The defendants-appellants called Surveyor Vernon Pererawho made the Plan No. 378 (1D3) at their instance but his evi-dence was not helpful in any way.
The 2nd defendant-appellant gave evidence and stated that the1st defendant-appellant was her mother. She stated that she knewthe roadway claimed by the plaintiff respondent, that she waspresent when Mr. Bertram Silva surveyed the same and thatMr. Bertram Silva had depicted the road as A.B.C. in the Plan1D2. She denied that the plaintiff-respondent ever used the road-ways A.B.C. or D.E.B.C. She stated that the plaintiff used a roadover the 6th defendant's land, but under cross examination sheadmitted that during Dingiriya's life time Dingiriya went over theroad A.B.C. to pluck coconuts from his land. She stated that shethought her father Dingiriya used a road over the 6th defendant'sland.
Thus it is clear that the defendants appellants were unable toestablish that there was any other roadway which was used, withany positive evidence.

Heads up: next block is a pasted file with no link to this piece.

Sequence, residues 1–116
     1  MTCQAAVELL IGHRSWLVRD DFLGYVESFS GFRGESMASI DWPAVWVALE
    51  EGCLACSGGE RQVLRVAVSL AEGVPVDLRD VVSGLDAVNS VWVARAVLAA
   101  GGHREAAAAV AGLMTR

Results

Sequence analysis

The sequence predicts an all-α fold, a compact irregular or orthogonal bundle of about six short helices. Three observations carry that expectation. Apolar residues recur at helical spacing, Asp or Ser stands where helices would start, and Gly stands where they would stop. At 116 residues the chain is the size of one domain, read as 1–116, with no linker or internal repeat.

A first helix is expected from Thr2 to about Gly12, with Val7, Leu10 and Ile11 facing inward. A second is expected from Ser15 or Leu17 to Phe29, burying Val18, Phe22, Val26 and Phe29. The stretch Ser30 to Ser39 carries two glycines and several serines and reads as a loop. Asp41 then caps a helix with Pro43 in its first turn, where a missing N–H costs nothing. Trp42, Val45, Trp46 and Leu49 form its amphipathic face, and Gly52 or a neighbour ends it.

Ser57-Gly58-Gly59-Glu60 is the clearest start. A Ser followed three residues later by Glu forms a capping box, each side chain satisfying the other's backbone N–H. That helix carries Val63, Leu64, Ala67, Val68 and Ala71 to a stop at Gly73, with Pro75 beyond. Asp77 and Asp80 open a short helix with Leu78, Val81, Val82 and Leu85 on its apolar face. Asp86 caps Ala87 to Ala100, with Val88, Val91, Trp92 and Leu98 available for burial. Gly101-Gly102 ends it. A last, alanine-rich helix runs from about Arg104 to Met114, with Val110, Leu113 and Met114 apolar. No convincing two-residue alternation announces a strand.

Luciya v. Somaratne (Victor Perera, J.)
The learned District Judge has examined the evidence carefullyand come to the conclusion that the plaintiff-respondent had usedthe roadway A.B.C. and that he had acquired a title thereto byprescription, and that on a suggestion and at the request of the2nd defendant-appellant the roadway was deviated as D.E.B.C. inPlan 341 in or about 1960.
Mr. H. W. Jayewardene, Q.C. Counsel for the defendants-appeilants contended that even if the plaintiff-respondent hadacquired a title to the right of way A.B.C. by prescription, therewas an abandonment of the servitude. He relied on the case ofNagamani v. Vinayagamoorthy^11. In that case it was held that aservitude could be lost by abandonment but the abandonmentmust be deliberate and intentional. He also relied on the case ofFernando v. Mendiswhich was considered in that case. But inthe instant case there was no evidence of any intentional abandon-ment. At the request of the 2nd defendant-appellant, the plaintiff-respondent had agreed to a deviation of the roadway over thesame land of the defendants-appellants and leading up to theportion B. C. of the roadway which had been used earlier.